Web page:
On my second trip to Heron Island in October 1989 for the Heron Island Dive Festival, I dived only one dive on the western side of the Heron Island reef. This was Harrys Bommie.
Harrys Bommie is located to the south of the entrance to the small harbour at Heron Island. As such, it is one of the closest dive sites but is not dived all that often as most of the diving is on the eastern and northern sides of the reef.
The site consists of a huge coral bommie that is located just off the main fringing reef which runs in a roughly south-east to north-west direction.
|A very rough map I drew of Harrys Bommie in 1989|
Note depths are in feet
There is a mooring on top of a smaller bommie a few metres to the east of the large bommie. Once on the bottom, head to the large Harrys Bommie. This is quite shallow on the top, perhaps five metres from memory. The bottom of the bommie is 10 to 12 metres deep. Circle it and check out all the marine life on and in it. From the bommie head north to the main wall.
You will gradually rise to six metres at the bottom of the main reef wall. The bottom is sand with some small isolated coral outcrops. The wall runs in a ~~ sort of direction, with at least five small bays or inlets along its length right adjacent to Harrys Bommie.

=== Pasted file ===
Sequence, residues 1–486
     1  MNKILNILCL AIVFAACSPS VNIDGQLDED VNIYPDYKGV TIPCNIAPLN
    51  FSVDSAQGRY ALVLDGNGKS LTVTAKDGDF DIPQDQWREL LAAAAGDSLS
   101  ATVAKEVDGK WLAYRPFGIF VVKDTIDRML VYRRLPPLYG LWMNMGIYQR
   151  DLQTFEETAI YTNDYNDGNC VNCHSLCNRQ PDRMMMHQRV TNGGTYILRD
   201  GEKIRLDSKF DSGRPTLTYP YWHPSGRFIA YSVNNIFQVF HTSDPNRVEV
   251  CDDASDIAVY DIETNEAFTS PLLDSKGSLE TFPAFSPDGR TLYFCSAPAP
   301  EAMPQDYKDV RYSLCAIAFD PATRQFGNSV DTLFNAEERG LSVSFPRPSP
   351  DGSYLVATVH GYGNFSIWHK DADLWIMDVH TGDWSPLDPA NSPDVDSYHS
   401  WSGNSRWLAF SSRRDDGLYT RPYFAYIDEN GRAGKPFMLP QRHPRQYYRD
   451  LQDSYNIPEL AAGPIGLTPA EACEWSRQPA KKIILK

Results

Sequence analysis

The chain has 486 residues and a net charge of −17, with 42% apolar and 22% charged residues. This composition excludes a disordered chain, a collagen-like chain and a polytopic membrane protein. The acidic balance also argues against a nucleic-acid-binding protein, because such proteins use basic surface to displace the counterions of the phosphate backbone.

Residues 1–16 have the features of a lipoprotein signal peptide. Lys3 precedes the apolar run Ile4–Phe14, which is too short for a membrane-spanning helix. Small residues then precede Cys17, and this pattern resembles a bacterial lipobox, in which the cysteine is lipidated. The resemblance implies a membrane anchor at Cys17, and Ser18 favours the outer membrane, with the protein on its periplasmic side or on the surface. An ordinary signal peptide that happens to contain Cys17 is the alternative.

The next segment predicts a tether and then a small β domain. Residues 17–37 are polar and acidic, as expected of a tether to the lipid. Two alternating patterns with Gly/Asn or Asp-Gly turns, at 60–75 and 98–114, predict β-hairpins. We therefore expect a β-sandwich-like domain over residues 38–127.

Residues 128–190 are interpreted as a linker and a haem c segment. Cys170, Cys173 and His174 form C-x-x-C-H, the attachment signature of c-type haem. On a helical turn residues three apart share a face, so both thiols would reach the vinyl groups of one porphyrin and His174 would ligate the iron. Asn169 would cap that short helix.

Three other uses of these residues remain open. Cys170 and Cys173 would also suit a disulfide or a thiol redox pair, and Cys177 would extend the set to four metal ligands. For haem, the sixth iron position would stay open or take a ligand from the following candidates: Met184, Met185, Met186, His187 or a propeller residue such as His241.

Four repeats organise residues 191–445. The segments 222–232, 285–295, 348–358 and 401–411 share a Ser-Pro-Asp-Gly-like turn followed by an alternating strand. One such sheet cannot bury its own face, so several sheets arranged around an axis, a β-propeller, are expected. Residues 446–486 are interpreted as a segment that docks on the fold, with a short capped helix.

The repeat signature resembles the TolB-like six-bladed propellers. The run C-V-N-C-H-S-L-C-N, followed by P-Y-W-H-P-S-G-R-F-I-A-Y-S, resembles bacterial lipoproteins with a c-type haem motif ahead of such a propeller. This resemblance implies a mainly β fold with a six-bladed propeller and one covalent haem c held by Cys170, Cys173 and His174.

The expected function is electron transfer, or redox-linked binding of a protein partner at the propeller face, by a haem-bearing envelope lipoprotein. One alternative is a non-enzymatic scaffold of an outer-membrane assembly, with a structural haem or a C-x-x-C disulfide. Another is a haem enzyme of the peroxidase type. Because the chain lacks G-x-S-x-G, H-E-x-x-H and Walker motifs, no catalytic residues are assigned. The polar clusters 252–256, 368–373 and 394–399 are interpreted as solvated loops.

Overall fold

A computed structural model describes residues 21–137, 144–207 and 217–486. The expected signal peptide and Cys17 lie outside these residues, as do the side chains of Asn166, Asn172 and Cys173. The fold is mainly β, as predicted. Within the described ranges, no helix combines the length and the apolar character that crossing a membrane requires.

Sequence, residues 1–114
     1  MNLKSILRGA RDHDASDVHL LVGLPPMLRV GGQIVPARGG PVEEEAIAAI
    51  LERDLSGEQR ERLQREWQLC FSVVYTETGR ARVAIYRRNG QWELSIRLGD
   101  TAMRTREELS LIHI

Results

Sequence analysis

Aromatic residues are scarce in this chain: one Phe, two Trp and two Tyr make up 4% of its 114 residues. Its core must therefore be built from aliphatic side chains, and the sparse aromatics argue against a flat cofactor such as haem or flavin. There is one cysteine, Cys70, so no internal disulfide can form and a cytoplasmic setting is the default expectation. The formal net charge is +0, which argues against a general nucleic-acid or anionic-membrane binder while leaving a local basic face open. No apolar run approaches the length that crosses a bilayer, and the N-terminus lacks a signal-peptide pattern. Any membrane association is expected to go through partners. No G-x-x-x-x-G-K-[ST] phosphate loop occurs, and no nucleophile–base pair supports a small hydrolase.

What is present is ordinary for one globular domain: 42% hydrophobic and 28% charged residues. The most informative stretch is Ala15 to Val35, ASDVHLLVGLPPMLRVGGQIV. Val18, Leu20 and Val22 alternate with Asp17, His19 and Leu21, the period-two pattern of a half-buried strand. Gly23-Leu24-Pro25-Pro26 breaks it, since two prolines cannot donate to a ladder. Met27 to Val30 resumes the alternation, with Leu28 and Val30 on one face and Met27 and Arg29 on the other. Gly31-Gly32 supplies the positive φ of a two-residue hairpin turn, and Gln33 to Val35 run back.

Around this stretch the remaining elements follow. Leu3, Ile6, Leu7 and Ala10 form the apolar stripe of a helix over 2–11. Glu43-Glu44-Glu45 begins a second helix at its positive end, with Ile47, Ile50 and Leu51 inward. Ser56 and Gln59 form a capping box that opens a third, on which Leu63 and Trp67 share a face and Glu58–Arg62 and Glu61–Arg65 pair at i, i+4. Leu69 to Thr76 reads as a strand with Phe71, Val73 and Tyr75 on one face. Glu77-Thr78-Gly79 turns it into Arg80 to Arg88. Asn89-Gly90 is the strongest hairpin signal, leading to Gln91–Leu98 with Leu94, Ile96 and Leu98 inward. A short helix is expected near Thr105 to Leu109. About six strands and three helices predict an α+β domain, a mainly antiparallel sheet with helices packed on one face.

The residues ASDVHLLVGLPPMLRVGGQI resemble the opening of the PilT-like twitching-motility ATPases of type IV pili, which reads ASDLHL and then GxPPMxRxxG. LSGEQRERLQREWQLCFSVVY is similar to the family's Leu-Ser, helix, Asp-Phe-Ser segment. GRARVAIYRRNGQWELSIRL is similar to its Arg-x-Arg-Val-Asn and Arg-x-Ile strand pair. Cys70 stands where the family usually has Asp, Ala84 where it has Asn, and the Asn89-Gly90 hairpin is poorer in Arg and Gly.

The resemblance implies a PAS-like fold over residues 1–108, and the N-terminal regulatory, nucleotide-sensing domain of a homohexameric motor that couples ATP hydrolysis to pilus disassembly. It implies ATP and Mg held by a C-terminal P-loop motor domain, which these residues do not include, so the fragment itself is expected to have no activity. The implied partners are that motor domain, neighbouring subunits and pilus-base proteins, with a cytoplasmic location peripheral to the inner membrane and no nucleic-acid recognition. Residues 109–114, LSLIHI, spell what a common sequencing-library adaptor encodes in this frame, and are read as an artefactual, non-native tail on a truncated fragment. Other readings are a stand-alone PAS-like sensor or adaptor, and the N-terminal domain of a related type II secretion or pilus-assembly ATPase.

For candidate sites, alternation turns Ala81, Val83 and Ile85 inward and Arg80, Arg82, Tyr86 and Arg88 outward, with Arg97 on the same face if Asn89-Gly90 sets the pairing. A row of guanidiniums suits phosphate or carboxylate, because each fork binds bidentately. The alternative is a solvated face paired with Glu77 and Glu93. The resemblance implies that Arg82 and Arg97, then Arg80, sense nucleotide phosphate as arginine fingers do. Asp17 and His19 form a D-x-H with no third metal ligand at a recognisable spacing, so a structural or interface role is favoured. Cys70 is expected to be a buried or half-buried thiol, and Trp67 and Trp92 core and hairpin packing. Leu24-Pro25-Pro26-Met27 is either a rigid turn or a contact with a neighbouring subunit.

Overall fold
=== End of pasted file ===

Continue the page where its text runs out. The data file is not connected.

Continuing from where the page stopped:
Go up on the top of the reef and you will see that it is very interesting. The coral here is (or at least was) very colourful. There were lots of small gorgonias and seawhips. The inlets were home to lots of fish like fusiliers.
Follow the reef north-west for a short distance before turning around and heading south-east. As you go, drop over to the reef bottom and check out the overhangs for more life. Things like firefish and flutemouth can be seen in these spots.
As you go along, all the inlets and between the third and fourth ones you will see five smaller bommies. This is near the mooring. Keep going and after the fifth one come back to the smaller bommies and spend the rest of your time here and around the main Harrys Bommie.
Other fish seen here include parrotfish and unicornfish. I also saw lots of nudibranchs and starfish. This site also had the best visibility of all my dives at Heron Island, perhaps 30 metres. Not a bad dive from memory.
Note this article was written in 2008 so my memory may be a bit out with some aspects of the dive site and things may have changed in the almost 20 years since I last dived there.